Wednesday, 19 January 2011


Christmas Eve. A perfect time to curl up in front of the fire and read a good old fashioned ghost story. M.R. James was probably the numero uno when it comes to creating literary spine-chillers,and the small screen has been graced by several worthy adaptations of his work The BBC had previously broadcast a fine translation of WHISTLE AND I'LL COME TO YOU, starring Michael Hordern, which hit all the right notes. Now, we have a modern re-working of this tale and once again BBC did the honours, possibly resulting in a split between hard-line James buffs and those who were not averse to some significant plot revision.

Here, John Hurt takes centre stage as James Parkin; a recently retired academic who leaves his catatonic wife in a nursing home and travels to a coastal resort in search of a few days break. When Parkin finds an old ring on the seemingly deserted beach, all manner of strange sights and sounds come forth, installing an atmosphere of dread and a longing for life to be as it once was.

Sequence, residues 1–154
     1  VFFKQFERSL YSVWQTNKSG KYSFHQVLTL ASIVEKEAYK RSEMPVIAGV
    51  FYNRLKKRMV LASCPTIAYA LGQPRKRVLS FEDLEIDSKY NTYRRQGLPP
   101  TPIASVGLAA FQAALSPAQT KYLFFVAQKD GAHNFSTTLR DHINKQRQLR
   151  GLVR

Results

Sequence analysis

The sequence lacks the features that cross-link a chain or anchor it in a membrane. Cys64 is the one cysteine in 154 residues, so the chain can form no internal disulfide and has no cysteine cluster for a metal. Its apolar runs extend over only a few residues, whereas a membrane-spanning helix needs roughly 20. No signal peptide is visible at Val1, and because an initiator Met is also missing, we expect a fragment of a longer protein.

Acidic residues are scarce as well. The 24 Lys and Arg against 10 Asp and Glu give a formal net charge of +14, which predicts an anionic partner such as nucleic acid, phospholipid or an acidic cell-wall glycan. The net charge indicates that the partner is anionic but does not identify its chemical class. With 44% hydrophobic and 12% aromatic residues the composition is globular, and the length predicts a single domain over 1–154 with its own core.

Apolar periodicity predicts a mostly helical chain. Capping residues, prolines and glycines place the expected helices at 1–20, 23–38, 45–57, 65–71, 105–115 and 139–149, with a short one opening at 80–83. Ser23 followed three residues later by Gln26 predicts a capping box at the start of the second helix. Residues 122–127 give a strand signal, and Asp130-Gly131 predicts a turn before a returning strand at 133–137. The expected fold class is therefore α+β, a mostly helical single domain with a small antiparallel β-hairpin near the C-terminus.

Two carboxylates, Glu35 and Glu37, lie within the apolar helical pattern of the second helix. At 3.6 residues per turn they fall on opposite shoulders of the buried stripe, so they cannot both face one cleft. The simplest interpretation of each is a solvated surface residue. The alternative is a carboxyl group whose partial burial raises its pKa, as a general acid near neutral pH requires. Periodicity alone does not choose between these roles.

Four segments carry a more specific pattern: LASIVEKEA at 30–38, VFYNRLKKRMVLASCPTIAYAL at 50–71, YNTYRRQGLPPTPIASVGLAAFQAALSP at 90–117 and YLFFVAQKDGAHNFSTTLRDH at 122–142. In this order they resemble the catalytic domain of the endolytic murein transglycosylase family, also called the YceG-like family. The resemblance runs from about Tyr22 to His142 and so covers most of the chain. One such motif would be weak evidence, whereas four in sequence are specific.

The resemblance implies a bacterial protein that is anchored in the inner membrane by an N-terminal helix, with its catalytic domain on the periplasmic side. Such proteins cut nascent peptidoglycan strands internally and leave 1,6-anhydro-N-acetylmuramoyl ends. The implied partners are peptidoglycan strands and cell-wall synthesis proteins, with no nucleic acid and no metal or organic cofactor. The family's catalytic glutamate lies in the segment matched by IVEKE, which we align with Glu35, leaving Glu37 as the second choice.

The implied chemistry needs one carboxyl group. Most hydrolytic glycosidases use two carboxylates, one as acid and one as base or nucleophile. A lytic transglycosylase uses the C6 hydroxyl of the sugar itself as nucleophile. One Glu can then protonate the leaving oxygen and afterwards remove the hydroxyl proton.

Consumed by guilt at having to leave his sick wife behind, Parkin is haunted by a body that has outlived its personality, which is probably even more frightening than any supernatrual manisfestation. Indeed, this is very much a tale for our times, highlighting the pain of having to let go, with the nursing home (like the hotel) boasting a single member of staff like some gatekeeper who has always been there.

I was surprised to learn this is the first ghost story featuring John Hurt's involvement and, as you might expect, he's perfect for the role truly conveying the air of a disturbed man.
While this particular version may upset some with its script liberties, I found WHISTLE AND I'LL COME TO YOU to be worthwhile viewing, and a nice companion to the previous, slightly superior take.


  1. Since I've not seen either, you have me intrigued, Steve. I'll have check this out. Thanks, my friend.

  2. Thanks, Michael. Well worth checking out. Loves James' ghost stories. He was an absolute master.